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January 24, 2018

St. Francis de Sales

Mk 4:1-20

Again he began to teach beside the sea. Such a very large crowd gathered around him that he got into a boat on the sea and sat there, while the whole crowd was beside the sea on the land.

He began to teach them many things in parables, and in his teaching he said to them:“Listen! A sower went out to sow. And as he sowed, some seed fell on the path, and the birds came and ate it up.

Other seed fell on rocky ground, where it did not have much soil, and it sprang up quickly, since it had no depth of soil. And when the sun rose, it was scorched; and since it had no root, it withered away.

Other seed fell among thorns, and the thorns grew up and choked it, and it yielded no grain. Other seed fell into good soil and brought forth grain, growing up and increasing and yielding thirty and sixty and a hundredfold.” And he said, “Let anyone with ears to hear listen!”

New Revised Standard Version, copyright 1989, by the National Council of the Churches of Christ in the United States of America. Used by permission. All rights reserved. USCCB approved.

Becoming the rich soil

I used to think today’s Gospel had to do with listening. If I listened hard enough to the Gospel, it would sink in and I would bear fruit a hundredfold.

Jesus tells us what is needed to be rich soil – not to let “worldly anxiety, the lure of riches, and the craving for other things intrude and choke the word.” The word is not just Scripture, but Jesus himself. Jesus is the Word that gets tossed to the side by our anxieties, possessions, and cravings.

To become rich soil, we must find out what is out of balance in our hearts and minds. The First Principle and Foundation of St. Ignatius’s Spiritual Exercises tells us to hold everything lightly, to have or do things only insofar as they help us find and glorify God. What in your life has taken up too much time or thought, and choked out the Word?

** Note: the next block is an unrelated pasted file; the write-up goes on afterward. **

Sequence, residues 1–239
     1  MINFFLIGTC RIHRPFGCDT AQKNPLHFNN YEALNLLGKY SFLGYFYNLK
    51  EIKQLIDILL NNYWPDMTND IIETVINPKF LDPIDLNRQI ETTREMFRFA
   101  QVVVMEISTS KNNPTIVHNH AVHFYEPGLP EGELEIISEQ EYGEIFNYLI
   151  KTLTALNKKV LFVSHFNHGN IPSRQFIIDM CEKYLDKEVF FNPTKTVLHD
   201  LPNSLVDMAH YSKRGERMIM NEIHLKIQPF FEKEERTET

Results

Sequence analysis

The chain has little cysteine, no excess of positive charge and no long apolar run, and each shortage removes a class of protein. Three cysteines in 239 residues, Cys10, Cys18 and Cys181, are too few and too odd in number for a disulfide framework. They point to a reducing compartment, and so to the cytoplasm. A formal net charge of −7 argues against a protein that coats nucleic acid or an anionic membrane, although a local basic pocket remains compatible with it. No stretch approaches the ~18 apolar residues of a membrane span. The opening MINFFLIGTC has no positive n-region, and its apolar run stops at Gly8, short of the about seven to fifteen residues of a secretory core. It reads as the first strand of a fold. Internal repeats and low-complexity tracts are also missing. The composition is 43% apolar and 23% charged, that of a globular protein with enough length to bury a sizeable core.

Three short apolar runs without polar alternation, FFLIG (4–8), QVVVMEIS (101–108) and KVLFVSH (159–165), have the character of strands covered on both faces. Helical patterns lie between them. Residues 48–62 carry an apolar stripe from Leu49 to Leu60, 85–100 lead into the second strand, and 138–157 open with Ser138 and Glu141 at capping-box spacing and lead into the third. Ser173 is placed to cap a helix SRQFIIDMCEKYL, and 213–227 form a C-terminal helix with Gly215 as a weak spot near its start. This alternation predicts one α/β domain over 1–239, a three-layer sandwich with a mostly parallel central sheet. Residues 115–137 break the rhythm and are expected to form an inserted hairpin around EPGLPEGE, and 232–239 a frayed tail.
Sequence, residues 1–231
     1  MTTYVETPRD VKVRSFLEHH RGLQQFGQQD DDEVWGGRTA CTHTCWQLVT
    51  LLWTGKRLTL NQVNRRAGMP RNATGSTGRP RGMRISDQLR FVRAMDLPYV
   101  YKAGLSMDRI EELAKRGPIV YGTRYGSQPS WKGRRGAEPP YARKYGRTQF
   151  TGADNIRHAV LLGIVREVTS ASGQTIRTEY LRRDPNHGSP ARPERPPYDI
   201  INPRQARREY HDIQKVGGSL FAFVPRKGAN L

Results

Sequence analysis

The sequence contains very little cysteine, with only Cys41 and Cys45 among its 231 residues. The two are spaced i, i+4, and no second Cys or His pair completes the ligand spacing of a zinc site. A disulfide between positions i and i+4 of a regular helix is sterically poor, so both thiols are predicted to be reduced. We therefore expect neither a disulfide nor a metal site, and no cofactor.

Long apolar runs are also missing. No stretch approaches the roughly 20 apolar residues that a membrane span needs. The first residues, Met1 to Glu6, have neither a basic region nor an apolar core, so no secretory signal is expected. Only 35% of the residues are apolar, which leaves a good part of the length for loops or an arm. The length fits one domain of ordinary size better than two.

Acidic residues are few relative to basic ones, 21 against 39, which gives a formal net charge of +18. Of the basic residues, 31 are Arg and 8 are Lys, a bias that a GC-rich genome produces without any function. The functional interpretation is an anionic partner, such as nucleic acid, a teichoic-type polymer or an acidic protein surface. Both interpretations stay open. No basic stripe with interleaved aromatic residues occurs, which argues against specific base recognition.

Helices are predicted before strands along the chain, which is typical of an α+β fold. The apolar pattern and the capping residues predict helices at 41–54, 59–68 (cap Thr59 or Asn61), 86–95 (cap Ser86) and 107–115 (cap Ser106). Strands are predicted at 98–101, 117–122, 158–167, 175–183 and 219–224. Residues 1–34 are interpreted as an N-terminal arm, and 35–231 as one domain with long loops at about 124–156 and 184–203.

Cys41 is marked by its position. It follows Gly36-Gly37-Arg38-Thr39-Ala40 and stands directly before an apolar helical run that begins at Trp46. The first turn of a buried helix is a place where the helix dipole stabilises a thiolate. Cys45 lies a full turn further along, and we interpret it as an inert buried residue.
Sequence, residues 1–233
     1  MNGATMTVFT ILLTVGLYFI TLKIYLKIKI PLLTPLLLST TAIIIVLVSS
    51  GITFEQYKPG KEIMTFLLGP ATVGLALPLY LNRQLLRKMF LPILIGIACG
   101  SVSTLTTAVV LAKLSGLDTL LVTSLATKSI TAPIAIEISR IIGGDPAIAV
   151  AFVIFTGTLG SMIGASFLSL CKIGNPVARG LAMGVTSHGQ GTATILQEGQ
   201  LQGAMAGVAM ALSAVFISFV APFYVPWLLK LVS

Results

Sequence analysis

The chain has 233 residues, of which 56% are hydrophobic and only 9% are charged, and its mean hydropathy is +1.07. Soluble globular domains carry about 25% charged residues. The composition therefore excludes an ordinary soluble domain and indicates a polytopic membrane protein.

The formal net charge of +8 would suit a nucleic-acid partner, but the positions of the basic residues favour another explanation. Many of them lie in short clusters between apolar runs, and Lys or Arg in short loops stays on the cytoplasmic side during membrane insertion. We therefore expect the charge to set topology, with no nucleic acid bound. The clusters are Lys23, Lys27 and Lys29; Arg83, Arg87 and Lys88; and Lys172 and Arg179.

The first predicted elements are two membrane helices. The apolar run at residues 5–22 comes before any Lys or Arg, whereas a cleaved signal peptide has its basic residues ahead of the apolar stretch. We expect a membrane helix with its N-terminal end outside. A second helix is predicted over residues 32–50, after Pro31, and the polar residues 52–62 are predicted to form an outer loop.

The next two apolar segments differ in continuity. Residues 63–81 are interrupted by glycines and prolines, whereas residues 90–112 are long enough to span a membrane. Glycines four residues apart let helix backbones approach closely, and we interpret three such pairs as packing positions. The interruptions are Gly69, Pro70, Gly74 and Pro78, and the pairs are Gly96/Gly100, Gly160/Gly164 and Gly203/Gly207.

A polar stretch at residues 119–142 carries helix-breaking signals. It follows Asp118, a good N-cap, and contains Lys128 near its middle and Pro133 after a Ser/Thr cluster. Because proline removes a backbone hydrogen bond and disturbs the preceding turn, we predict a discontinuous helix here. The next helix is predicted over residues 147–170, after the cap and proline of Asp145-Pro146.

—Rachel Forton is the Marketing & Retreat Coordinator for Bellarmine Jesuit Retreat House in Barrington, IL.

Prayer

God who loves us creates us and wants to share life with us forever.
Our love response takes shape in our praise and honor and service of the God of our life…
In everyday life, then, we must hold ourselves in balance before all created gifts
insofar as we have a choice and are not bound by some responsibility.
We should not fix our desires on health or sickness, wealth or poverty,
success or failure, a long life or a short one.
For everything has the potential of calling forth in us
a more loving response to our life forever with God.
Our only desire and our one choice should be this:
I want and I choose what better leads to God’s deepening life in me.

—First Principle and Foundation, as translated by David L. Fleming, SJ, in Draw Me into Your Friendship: The Spiritual Exercises-A Literal Translation and a Contemporary Reading

 


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As a Jesuit school, Loyola Academy is rooted in the spirituality of St. Ignatius of Loyola. Daily prayer was an essential tool by which Ignatius reflected on his life and deepened his relationship with Christ.